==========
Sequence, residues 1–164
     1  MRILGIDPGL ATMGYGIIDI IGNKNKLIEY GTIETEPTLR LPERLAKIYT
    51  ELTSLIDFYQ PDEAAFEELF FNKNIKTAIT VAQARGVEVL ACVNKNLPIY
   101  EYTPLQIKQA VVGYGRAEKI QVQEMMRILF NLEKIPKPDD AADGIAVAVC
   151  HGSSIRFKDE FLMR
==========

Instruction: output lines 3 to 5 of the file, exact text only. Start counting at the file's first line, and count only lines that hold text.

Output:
    51  ELTSLIDFYQ PDEAAFEELF FNKNIKTAIT VAQARGVEVL ACVNKNLPIY
   101  EYTPLQIKQA VVGYGRAEKI QVQEMMRILF NLEKIPKPDD AADGIAVAVC
   151  HGSSIRFKDE FLMR